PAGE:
Unspun’s alter ego had his five micro-seconds of fame in the Malaysian newspaper The Star this morning. And since Unspun’s an advocate that bloggers mainly put a context to news items let me put the context on the news item below.
The Printing Presses and Publications Act in Malaysia is a law that successive Malaysian governments have used as one of their instruments of controlling the Press. Essentially it requires any news publication to seek a license from the Government before they can be published. As such the Government can threaten what it considers uncooperative media houses with revoking the license unless they toe the line.
The Act has been around for decades and used mainly to get the editors to self-censor their contents. Why there is now talk of repealing the act is that the Malaysian Government coalition which comprises Umno (Malay-based) and the Malaysian Chinese Association is in, to put it mildly, in deep poo pooh. Voter support has been dropping drastically and they face an upcoming general election.
In deepest poo pooh is the leader of Umno and the government coalition, Najib Abdul Rahman, who is also the Prime Minister. He’s a well-meaning enough person but weak in character and political clout. Observers say he realizes that the government is unpopular because of the rampant corruption within its ranks, and he genuinely wants to change the way things are done. But he’s held ransom by the Umno chieftains who have for too long grown fat on the largest of office and would not let anything tip their applecart.
So poor Najib has been forced to seek help from all sorts of sources to boost his popularity that would make a snake oil salesman seem respectable. He, for instance, once appointed APCO to boost his image. That got nowhere fast. In a fit of desperation he even tried to make himself look “young and cool” by pulling a prank on a DJ (Imagine Najib going: “Ha! Punk’d you”). All it did was to make him look as ridiculous as a middle-aged man trying to look hip and cool in a florid Versace shirt, tight pants and white shoes.
His latest desperate gambit was to present himself as a reforming politician, so me mooted the idea of repealing the much hated Printing Presses and Publications Act.
In not as deep, but deep enough, poo poo are his cohorts in the Malaysian Chinese Association. This political party was supposed to represent the interests of the Chinese in Malaysia but after the first generation of leaders what they did was to represent their own business interests best. Riddled by factional in-fighting and a slew of uncharismatic leaders, the MCA also has seen its support from the Chinese community dwindle.
So now, also in a fit of desperation, they have taken to making a virtue of necessity and have come up with a New Deal Manifesto in which it hopes to be seen as a champion of a more democratic Malaysian society by calling for an abolition of the Printing Presses Act.
This is all political opportunism that is unconvincing to anyone who knows anything about malaysian politics and the Malaysian Press.
The Act is but one of the instruments of control used by the government. The other instruments are the Internal Security Act (there is also talk of abolishing it, to be replaced by an Anti-Terrorist Act), the Police, the Judiciary, political patronage (just try to name any chief editor in any major Malaysian media that is politically unfettered), self-censorship and coziness (as in junkets and golf games).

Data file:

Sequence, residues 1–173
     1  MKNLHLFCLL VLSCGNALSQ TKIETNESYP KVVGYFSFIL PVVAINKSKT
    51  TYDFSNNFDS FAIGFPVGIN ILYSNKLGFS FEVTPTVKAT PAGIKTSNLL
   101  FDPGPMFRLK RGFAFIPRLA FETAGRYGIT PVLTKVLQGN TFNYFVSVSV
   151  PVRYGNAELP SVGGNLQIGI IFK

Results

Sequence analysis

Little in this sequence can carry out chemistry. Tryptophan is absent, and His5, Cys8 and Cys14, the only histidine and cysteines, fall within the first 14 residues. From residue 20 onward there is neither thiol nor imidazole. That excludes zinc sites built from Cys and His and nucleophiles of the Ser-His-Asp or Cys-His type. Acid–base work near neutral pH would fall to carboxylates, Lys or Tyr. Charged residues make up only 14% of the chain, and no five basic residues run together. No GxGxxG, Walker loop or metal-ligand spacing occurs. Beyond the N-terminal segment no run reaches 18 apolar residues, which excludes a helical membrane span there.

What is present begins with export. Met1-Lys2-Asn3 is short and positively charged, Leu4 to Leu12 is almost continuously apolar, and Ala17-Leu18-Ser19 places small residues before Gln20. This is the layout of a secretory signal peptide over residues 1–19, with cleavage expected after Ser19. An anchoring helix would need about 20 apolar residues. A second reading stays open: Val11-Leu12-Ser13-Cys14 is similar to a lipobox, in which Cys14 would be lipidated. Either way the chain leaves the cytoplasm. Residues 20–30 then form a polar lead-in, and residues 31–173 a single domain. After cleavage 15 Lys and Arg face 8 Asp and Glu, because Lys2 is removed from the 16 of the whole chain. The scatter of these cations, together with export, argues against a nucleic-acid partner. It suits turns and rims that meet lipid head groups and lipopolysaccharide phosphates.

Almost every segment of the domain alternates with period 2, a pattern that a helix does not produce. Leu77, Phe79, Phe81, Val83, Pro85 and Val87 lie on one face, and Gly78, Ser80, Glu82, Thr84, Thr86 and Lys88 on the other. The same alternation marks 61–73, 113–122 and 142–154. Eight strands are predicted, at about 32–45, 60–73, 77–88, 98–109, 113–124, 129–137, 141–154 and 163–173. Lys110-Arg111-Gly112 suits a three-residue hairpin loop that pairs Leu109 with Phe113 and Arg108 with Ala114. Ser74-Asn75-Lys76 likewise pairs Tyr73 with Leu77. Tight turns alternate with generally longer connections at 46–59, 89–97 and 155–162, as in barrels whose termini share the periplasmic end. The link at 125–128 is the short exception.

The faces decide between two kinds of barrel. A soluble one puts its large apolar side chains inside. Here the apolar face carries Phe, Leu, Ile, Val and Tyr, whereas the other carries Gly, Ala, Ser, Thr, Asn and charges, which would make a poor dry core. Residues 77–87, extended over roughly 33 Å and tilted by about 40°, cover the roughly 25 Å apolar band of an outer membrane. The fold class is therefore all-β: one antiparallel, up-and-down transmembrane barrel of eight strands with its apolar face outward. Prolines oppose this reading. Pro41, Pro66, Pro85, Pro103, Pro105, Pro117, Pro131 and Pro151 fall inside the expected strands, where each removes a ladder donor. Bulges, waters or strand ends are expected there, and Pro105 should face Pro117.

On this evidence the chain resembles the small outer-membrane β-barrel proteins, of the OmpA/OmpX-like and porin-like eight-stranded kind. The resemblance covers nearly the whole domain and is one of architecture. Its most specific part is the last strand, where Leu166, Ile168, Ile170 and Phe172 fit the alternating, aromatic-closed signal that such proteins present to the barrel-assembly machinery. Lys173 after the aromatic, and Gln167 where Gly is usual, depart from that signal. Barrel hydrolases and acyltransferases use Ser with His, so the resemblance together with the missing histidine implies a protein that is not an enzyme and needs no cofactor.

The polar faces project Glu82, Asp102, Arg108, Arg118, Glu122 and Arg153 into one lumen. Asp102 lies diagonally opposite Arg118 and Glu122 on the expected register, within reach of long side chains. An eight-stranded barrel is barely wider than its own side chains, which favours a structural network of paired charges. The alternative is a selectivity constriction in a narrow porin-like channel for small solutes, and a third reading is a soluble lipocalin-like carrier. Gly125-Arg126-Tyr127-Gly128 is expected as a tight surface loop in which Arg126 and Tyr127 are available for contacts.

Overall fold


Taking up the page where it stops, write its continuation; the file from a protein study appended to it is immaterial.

Moreover, the Malaysian Press has been so neutered in the past decade or so that it is difficult to imagine it nurturing anyone with the integrity, calibre and courage to make use of whatever freedoms the abolition of the Act may bestow to run a kick-ass newsroom.
So take it for what the hullabaloo about the abolition of the Printing Presses and Publications Act really is: desperate political gambits by politicians who are fast losing ground. That’s Unspun’s context on the news anyway. You might want to peruse the actual news itself below:
Under its New Deal manifesto, the MCA is calling for the Printing Presses and Publications Act to be abolished to allow free flow of information.
IT is not the easiest of times to be a print journalist in Malaysia. While foreign journalists dodge bullets in the Middle East, over here, print journalists are dodging restrictions from the Printing Presses and Publications Act (PPPA) and blows from a critical public hungry for a free press.
The choice is for online news, blogs and social media which are not subject to the Act and thus enjoy greater freedom. But for Malaysians, the print media is rendered more pro-establishment while the alternative media is deemed more pro-opposition…
…Ong Hock Chuan, a Malaysian communications consultant and blogger based in Indonesia where the press enjoys unfettered freedom cautions against equating bloggers with journalists.
“Journalists usually come up with the news, bloggers add a context (a comment, criticism) to the news – similar but different functions in the flow of information,” says Ong.
A free press, adds Ong, does not instantly produce good journalism as it requires a combination of factors.
“Good journalism is a complex mix of factors – ownership, owner’s vision and philosophy, calibre, integrity and courage of editors are some of the main factors to consider.”
Rest of story here